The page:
Considerations Cost Management
A key aspect regarding cost control is to set up budgets (mentioned earlier) at the beginning once a subscription before workloads land or resources are provisioned to develop cloud solutions. Furthermore, once consumption of Azure resources starts, you can look at recommendations for cost optimizations and Costs Analysis. For instance, the cost analysis (preview) can show the cost per resource group and services.
It is recommended to separate workloads per subscription as per the subscription decision guide. And one of the benefits is splitting out costs and keeping them under control with budgets. And lastly, Azure Advisor can help identify underutilized or unused resources to be optimized or shut down.
Tagging Azure resources is a good practice. A tag is a key-value pair and is helpful to identify your resource. You can order your resource with, for instance, a key environment and value dev (development) and a key identifying the department with value marketing. Moreover, you can add various tags (key/values), up to 50. Each tag name (key) is limited to 512 characters and values to 256 characters. More information on limitations is available on the Microsoft docs.
With tags, you can assign helpful information to any resource within your cloud infrastructure – usually information not included in the name of available in the overview of the resource. Tagging is critical for cost management, operations, and management of resources. More details on how to apply them are available in the decision guide. Furthermore, you can enforce tagging through Azure policies – see the Microsoft documentation on policy definitions for tag compliance.
Stakeholders in Azure projects will be interested in cost accumulation for workloads in subscriptions. Therefore, reports of resource consumption in the euro, for example, are required. These reports can be viewed in the Azure Portal under Cost Management and Billing. However, you will need filters in the cost analysis or use the preview functionality to be more specific. Or you can export the data to a storage account and hook it up to PowerBI, or use third-party tooling like CloudCtrl.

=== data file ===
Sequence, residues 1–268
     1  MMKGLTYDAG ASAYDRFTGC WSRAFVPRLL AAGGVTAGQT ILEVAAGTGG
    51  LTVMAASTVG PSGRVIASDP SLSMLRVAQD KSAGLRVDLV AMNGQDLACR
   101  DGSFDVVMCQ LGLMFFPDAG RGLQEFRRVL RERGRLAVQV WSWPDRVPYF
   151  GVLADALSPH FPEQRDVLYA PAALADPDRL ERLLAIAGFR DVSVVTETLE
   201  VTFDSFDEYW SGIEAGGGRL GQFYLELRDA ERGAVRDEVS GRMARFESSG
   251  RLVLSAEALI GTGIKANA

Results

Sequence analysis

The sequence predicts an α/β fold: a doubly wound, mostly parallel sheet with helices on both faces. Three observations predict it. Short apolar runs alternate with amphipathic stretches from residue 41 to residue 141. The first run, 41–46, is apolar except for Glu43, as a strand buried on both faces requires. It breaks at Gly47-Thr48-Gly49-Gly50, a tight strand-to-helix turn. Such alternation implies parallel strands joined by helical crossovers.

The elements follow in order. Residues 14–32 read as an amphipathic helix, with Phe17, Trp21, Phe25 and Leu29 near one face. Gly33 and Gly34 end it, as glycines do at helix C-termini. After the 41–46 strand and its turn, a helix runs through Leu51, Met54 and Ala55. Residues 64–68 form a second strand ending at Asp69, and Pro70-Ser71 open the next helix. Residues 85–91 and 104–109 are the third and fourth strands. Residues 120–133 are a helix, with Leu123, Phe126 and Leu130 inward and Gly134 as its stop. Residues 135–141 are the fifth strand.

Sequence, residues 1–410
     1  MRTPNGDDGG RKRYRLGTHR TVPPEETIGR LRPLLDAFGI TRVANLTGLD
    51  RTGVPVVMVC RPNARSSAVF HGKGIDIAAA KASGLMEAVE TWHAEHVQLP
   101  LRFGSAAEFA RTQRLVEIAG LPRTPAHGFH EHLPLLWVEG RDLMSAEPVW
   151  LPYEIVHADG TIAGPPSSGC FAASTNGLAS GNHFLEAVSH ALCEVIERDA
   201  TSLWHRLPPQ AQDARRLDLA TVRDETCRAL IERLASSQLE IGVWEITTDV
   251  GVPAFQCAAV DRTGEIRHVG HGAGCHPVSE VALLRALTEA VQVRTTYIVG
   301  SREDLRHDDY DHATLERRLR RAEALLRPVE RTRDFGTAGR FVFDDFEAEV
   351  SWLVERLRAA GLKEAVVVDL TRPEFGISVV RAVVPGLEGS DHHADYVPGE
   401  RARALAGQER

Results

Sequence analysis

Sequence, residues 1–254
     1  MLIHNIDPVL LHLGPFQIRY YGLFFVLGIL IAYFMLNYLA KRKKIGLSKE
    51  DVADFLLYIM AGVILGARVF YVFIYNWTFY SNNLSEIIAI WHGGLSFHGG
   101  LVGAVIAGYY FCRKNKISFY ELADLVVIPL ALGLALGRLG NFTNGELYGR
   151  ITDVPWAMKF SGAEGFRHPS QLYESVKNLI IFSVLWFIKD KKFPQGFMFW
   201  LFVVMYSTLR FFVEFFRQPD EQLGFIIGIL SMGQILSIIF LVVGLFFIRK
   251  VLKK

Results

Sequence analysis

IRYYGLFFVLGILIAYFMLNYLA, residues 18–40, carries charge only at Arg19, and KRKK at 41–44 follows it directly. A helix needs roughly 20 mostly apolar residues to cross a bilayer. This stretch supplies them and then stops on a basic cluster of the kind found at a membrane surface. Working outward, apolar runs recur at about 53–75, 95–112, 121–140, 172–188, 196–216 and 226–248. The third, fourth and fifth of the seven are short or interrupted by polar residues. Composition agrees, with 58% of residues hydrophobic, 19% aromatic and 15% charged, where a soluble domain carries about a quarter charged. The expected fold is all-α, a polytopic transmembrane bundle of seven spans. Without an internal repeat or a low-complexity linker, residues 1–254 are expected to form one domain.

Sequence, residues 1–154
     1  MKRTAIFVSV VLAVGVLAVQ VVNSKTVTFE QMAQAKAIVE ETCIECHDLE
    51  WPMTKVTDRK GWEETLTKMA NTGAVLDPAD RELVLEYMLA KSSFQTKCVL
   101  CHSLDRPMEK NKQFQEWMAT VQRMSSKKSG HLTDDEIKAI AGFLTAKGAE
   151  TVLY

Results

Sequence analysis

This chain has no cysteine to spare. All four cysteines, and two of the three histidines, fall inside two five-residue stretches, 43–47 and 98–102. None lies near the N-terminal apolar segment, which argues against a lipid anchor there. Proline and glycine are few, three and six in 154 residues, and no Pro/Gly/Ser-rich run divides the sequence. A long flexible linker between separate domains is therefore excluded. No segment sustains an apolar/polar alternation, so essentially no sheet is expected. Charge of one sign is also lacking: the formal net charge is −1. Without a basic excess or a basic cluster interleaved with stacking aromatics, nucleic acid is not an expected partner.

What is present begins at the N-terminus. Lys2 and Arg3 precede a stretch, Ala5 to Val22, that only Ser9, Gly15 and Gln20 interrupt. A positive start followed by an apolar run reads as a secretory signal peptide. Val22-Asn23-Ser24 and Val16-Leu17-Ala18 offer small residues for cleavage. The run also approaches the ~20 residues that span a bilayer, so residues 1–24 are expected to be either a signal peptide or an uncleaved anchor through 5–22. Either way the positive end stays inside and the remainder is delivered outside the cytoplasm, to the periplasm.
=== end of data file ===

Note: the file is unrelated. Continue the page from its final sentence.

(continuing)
And finally, as a developer, you can also leverage the available APIs to get costs and usage data. For example, the Azure Consumption APIs give you programmatic access to cost and usage data for your Azure resources. With the data, you can build reports.
With costs, reports are essential to realize who the target audience is, what information they are looking for and how to present it. In addition, each active resource consumes the Azure infrastructure inside a data center, leading to cost. And cost should represent value in the end. Hence, reporting is critical for stakeholders in your cloud projects. The analysis of costs is in good hands with the cost analysis capabilities; however, the presentation requirements might differ and sometimes require a custom report by leveraging, for instance, PowerBI or a third-party tool.
In this blog post, we discussed Azure cost and hopefully made it clear that developers should care about cost, and they have tools and services available to make life easier. For example, they can set up cost management infrastructure themselves in their dev/test subscriptions if not already enforced or done by IT. Furthermore, they can make IT and the architect(s) aware of it if it is not in place. In the end, I believe it is a shared responsibility of developers and IT responsible for managing the Azure environments/subscriptions.